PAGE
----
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Reel Syria / Firefly International


Reel Syria came as a response to the ongoing repression in Syria, allowing people in the UK to engage directly with Syrians and as a way of showing solidarity with those engaged in creative resistance in the country. Firefly International works to overcome boundaries worldwide through friendship, education and the arts. Projects include Firefly Bosnia, which is a youth arts and education Centre in Br?ko, North East Bosnia; and Reel Festivals – arts and dialogue events focused on areas in conflict. Firefly International has engaged with Syria since 2008, and was involved in youth exchange projects in 2010. In 2011 the aim was to host the first Reel Festivals in Syria, which were due to take place in May 2011 as part of a three way exchange between Syria, Lebanon and Scotland. However, the governmental repression of the peaceful protests in March 2011 led to moving events from Syria to Lebanon. Firefly still managed to host Syrian poets and filmmakers in Lebanon and Scotland, but aimed to return to Syria in 2012. As it became clear that this wasn’t going to happen it was decided to engage with Syria from the UK, marking the one-year anniversary of the uprising in March 2012 with a celebration of artistic resilience in Syria, and by giving UK audiences the chance to engage in a nuanced way with artists working in incredibly difficult circumstances in Syria.

Reel Syria was initiated by Firefly International, following discussions with Firefly’s partners inside Syria and with the support of the British Council, amongst others.. They worked together with a large team of artists and activists to make the events possible, and particularly closely with ‘Mosaic Initiative for Syria’, who at that point were a fledgling organisation focused on awareness raising and fundraising for humanitarian aid for Syria. Since these events Mosaic Initiative has grown into a registered charity in the UK.

The Reel Syria events were based around three central strands: film, music and literature. Each strand took the form of several events in order to attract the broadest audience possible. For the film strand Reel Syria took part in the DoxBox Global Day, DoxBox being Syria’s only independent documentary festival. For the 2012 edition the decision was made not to hold events inside Syria, but rather to screen Syrian films around the world to raise awareness about Syria and as an act of solidarity with those struggling for human rights and democracy in the country. As part of DoxBox Global Day films were screened in London by Omar Amiralay at the Frontline Club and Reem Ali’s ‘Zabad’ was shown at the Free Word Centre.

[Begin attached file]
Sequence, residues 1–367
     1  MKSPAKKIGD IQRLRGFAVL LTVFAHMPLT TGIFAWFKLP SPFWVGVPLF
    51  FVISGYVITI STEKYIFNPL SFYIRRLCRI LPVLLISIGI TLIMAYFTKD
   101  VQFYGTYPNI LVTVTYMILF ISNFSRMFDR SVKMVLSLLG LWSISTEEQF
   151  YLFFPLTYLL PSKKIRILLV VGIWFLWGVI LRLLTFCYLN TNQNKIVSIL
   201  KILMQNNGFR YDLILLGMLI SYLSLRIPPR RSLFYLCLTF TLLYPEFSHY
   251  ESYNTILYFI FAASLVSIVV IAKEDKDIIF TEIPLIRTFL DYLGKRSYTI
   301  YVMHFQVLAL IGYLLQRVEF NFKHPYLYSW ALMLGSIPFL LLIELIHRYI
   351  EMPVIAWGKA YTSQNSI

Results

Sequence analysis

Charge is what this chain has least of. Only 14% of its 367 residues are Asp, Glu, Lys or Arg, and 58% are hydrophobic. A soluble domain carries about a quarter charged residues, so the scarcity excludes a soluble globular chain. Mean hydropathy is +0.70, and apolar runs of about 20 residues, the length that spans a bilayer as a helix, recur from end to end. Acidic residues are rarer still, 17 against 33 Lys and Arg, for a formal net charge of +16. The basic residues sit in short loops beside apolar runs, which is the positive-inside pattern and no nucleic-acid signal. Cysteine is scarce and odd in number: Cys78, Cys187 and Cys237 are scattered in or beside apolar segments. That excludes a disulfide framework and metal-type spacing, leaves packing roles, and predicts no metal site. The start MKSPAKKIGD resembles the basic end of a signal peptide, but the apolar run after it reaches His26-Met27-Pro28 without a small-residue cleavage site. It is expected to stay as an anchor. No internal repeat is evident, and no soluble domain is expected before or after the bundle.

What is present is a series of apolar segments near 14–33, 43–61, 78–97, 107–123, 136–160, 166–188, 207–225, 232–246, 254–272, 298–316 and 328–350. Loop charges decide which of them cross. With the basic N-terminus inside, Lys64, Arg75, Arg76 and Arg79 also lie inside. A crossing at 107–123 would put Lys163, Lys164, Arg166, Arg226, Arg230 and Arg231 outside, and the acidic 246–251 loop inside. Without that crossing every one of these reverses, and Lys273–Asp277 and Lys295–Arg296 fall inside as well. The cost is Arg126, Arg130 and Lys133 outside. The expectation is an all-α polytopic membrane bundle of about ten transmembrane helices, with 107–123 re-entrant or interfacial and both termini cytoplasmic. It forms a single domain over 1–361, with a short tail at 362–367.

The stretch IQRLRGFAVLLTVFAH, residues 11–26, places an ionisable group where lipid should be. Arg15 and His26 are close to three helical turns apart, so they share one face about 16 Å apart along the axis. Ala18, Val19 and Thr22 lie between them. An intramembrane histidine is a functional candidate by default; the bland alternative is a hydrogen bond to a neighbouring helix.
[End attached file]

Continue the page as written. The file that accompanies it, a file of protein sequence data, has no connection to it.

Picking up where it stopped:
For the music events Mosaic Initiative for Syria coordinated a major fundraising concert, with support from the Asfari Foundation. This saw Syrian musician Samih Choukeir perform his song of the revolution ‘Ya Heif’ to a packed audience in London’s Kensington Town Hall and raised over £36,500 for humanitarian aid for Syria.

The Literature events saw Syrian cartoonist Ali Ferzat come to London to discuss his work and the uprising for the first time. This event was held at the Free Word Centre in London and alongside Ali Ferzat, panellists included Syrian author Manhal Saraj, academic Donatella DellaRatta and musician Steve Chandra Savale. As Ferzat said ‘the barrier of fear has been broken’.

Future plans

Firefly is now developing Reel Iraq, marking ten years since the invasion of Iraq through a celebration of Iraqi creativity and the resilience of the arts, working closely with Iraqi artists and arts organisations both inside and outside the country to make sure the events are representative and of high quality.


Dan Gorman, Director of Firefly International:
“Political developments constantly challenge our work. We engage with complex political situations through the arts, and thus have to navigate challenging political landscapes. Funding is always difficult to mobilise, and we currently have no core funding for our projects, meaning we work on a project-by-project basis and the vast majority of those working on the events are volunteers. Although we have not experienced direct state censorship, we have a lot of experience with artists self-censoring, due to the volatile situations they are coming from and returning to. We work with many artists under conditions of anonymity for protection.